“…….Population numbers have probably decreased since the arrival of Europeans due to ……. urban development and other activities…..In 1981 the Yallah Bush site was sold and foreshadowed for future urban development. ………The main potential threats to P. gibbosa plants, both for the plant and its pollinator(s), are habitat loss and degradation from development…..Habitat loss from urban development …… has reduced the area of available habitat on the Cumberland Plain and Illawarra to isolated remnants. The capacity of the species to extend beyond its known range in the Illawarra, Hunter and Shoalhaven regions is limited by the availability of suitable habitat. In areas, such as the Hunter Valley and Nowra, there may be suitable habitat and these areas may be subject to future development pressures……..Habitat loss from urban development ……. has greatly reduced the area of available habitat for the species. Further habitat loss will threaten the long-term viability of the species by further reducing population sizes and rendering extant sub-populations more vulnerable to stochastic events (NPWS 2000)…….”
Illawarra Socketwood- (Daphnandra sp. C 'Illawarra')

“………Extant D. sp. C ‘Illawarra’ sites are threatened by …… residential development and road construction…….The main threat to the survival of the species is …… residential development and road construction……Population growth in the Illawarra area is likely to place D. sp. C ‘Illawarra’ sites under increasing pressure from residential development. Such development, in addition to directly impacting upon the species through habitat loss and fragmentation, can indirectly affect sites in proximate or downslope locations by modifying environmental conditions and contributing to habitat degradation……..Urban development in close proximity to D. sp. C ‘Illawarra’ sites is likely to cause modification of habitat through altered hydrological conditions and soil pH, soil nutrification, weed invasion, potential introduction of plant pathogens and altered fire frequency. Subsequent increases in pedestrian and/or vehicular traffic to sites may result in trampling, soil compaction, soil erosion and the rubbish dumping…….D. sp. C ‘Illawarra’ habitat has been fragmented by ….. urban development ………”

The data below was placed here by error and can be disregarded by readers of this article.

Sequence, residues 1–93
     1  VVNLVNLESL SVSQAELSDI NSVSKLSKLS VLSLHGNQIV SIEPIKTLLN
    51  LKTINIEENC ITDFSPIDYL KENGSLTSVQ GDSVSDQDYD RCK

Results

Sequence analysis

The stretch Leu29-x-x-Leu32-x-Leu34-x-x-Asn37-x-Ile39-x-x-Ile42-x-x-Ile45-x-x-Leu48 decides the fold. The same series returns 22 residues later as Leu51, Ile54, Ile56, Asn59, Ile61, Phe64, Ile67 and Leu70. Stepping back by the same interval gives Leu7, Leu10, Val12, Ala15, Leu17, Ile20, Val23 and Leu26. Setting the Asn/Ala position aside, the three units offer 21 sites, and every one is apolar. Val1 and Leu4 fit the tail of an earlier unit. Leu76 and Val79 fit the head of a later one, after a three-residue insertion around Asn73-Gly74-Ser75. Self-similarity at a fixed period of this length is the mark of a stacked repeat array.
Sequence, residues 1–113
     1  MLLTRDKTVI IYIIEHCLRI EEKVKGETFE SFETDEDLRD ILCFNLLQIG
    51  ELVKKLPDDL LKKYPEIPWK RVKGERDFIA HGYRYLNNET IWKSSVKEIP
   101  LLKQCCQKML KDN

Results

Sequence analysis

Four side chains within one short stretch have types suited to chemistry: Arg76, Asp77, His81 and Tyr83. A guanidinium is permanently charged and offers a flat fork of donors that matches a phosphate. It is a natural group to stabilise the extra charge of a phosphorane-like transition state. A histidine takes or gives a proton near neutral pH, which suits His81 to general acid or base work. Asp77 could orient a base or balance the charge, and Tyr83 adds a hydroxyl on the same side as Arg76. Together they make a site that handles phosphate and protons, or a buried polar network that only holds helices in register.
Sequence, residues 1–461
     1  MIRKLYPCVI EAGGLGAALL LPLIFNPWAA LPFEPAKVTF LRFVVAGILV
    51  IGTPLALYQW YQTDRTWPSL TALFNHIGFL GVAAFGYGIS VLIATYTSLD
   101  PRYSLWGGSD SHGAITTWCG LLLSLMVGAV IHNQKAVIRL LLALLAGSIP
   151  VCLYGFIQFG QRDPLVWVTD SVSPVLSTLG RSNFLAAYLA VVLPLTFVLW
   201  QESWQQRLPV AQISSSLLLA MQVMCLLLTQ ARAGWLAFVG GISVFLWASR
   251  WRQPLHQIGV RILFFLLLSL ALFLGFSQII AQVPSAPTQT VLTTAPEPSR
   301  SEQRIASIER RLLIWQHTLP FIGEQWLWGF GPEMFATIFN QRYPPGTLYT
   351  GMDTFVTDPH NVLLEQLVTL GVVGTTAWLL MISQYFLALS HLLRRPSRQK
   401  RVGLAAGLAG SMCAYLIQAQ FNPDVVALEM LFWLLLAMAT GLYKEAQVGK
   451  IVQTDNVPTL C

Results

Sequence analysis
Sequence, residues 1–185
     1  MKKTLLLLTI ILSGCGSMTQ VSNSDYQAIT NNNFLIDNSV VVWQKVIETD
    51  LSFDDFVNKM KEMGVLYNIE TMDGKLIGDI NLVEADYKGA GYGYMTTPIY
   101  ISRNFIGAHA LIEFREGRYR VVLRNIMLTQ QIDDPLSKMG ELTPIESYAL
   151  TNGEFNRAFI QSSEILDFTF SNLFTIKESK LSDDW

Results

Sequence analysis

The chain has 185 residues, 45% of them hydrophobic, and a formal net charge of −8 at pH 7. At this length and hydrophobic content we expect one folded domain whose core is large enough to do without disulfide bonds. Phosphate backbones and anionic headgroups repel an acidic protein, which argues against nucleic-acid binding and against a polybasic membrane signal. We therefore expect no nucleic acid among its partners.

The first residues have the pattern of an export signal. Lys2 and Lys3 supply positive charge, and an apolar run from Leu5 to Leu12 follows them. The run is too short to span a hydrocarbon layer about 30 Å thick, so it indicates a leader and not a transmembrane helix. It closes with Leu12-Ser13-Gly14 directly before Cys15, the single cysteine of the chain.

Illawarra Zieria- (Zieria granulata)

“…….The main threat to the species is the further loss of habitat as a consequence of …… residential development and road construction …….Population growth in the Illawarra is likely to place Z. granulata under increasing pressure from residential development. Such development, in addition to directly impacting upon the species through habitat loss and fragmentation, can indirectly affect sites in proximate or downslope locations by modifying environmental conditions, and contributing to habitat degradation……..Recent residential developments at Shellcove (Zg22) and Blackbutt (Zg1) have resulted in the loss of Z. granulata plants and habitat……..High risk sites are those sites that are considered to be at greatest risk from Class I threats. This category contains all sites that are presently zoned for …… residential development………...”